Video | Agriculture | Confidence | Economy | Energy | Employment | Finance | Media | Property | RBNZ | Science | SOEs | Tax | Technology | Telecoms | Tourism | Transport | Search

 


Around 20 million photos are lost in New Zealand every year

21 August 2014

For Immediate Release

Around 20 million photos are lost in New Zealand every year

The unexpected, devastating consequences of mobile phone loss and theft

AUCKLAND; NZ – A survey conducted in 2012 found that 41 percent of Kiwi adults have lost a mobile device or had it stolen.* On losing a cellular device, people claim their biggest concerns were whether a stranger would access their contacts, rack up a large bill, or take and use one’s personal details.

There is one potentially heartbreaking consequence that New Zealanders are overlooking: the disappearance of irreplaceable photos.

While New Zealanders love taking photos on their smartphones, they very rarely think to store them securely or print them out.

FUJIFILM, New Zealand’s leading imaging company, is on a mission to raise awareness of the issue in this country.

Peter Bonisch, Sales and Marketing Manager of FUJIFILM, says that New Zealanders take around 1.2 billion snaps on their smartphones every year.

“On average, we each store around 1,200 photos on our phone,” says Bonisch.

“International trends indicate that smartphones will soon become our primary image storing device, ahead of computers, tablets and digital cameras, yet fewer than 10 percent of those photos are ever printed.”

“We scroll through and reminisce, and share a few photos on social media, but most of them stay on our phone,” says Bonisch.

“So if that disappears, so do our photos.

People are losing precious reminders of significant events, their friends and their family history.”

FUJIFILM estimates that in New Zealand each year, approximately 20 million photos are lost forever.

Bonisch also points out that Snapchat is now the world’s largest photo sharing app – however it does not store images.

"Entire generations of memories are being lost.”

FUJIFILM offers five simple precautions to consumers to keep their mobile phones safe, and protect and preserve their photos.

-- Regularly upload your photos to the Cloud.

-- Save photos from your phone to your computer so there exists a second copy.

-- Print your photos quickly and easily at a FUJIFILM photo kiosk.

Simply download the innovative (and free for iPhones and Androids) FUJIFILM TransPix mobile app, connect wirelessly, select your photos and print.

As well as classic photos, favourite images can be used to create anything from wall art to a unique storybook.

-- Print out your smartphone photos at home, with the new FUJIFILM Instax SHARE.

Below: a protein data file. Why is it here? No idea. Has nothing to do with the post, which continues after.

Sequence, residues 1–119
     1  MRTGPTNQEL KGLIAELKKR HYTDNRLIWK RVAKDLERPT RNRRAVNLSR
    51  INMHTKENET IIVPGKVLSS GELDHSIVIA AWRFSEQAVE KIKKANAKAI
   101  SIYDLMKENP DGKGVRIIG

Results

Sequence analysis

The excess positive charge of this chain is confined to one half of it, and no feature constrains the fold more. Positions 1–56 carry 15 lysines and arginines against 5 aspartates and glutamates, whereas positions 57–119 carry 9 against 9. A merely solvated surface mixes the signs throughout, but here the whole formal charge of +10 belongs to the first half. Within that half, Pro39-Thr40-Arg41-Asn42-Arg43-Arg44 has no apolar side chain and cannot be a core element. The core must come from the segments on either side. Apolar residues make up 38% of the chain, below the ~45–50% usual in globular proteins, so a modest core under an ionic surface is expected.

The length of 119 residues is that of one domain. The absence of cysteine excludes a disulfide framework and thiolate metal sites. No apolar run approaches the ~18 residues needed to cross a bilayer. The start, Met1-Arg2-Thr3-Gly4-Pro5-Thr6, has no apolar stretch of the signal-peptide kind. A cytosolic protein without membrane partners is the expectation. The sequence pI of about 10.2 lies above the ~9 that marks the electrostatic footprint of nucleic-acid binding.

Wireless printing turns your snaps into retro analogue--style Instax photos.

-- Keep your phone safe at all times FUJIFILM photo kiosks are available at more than 150 stores around New Zealand, including Harvey Norman, Warehouse Stationery, Fujifilm Image Service, and selected Smiths City, Noel Leeming, pharmacy and photographic stores.

The FUJIFILM Instax SHARE is available from JBHiFi, Noel Leeming, Harvey Norman, FUJIFILM Image Service and photo specialty stores, RRP $249.99.

ENDS

© Scoop Media

 
 
 
 
 
Business Headlines | Sci-Tech Headlines

 

Pest Control: Mouse Blitz Team Leaves For Antipodes

The Million Dollar Mouse project to rid Antipodes Island of mice is underway with the departure of a rodent eradication team to the remote nature reserve and World Heritage Area. More>>

Gongs Got: Canon Media Awards & NZ Radio Awards Happen

Radio NZ: RNZ website The Wireless, which is co-funded by NZ On Air, was named best website, while Toby Manhire and Toby Morris won the best opinion general writing section for their weekly column on rnz.co.nz and Tess McClure won the best junior feature writer section. More>>

ALSO:

Pre-Budget: Debt Focus Risks Losing Opportunity To Stoke Economy

The Treasury is likely to upgrade its forecasts for economic growth in Budget 2016 next week but Finance Minister Bill English has already signalled that more of his focus is on debt repayment than on fiscal stimulus or tax cuts... More>>

ALSO:

Fulton Hogan's Heroes: Managing Director Nick Miller Resigns

Fulton Hogan managing director Nick Miller will leave the privately owned construction company after seven years in charge. The Dunedin-based company has kicked off a search for a replacement, and Miller will stay on at the helm until March next year, or until a successor has been appointed and a transition period completed. More>>

ALSO:

Gordon Campbell: On Electricity, Executions, And Bob Dylan

The Electricity Authority has unveiled the final version of its pricing plan for electricity transmission. This will change the way transmission prices (which comprise about 10% of the average power bill) are computed, and will add hundreds of dollars a year to power bills for many ordinary consumers. More>>

ALSO:

Half Empty: Fonterra NZ, Australia Milk Collection Drops In Season

Fonterra Cooperative Group says milk collection is down in New Zealand and Australia, its two largest markets, in the first 11 months of the season during a period of weak dairy prices. More>>

ALSO:

Get More From Scoop

 
 
 
 
 
 
 
 
 
Business
Search Scoop  
 
 
Powered by Vodafone
NZ independent news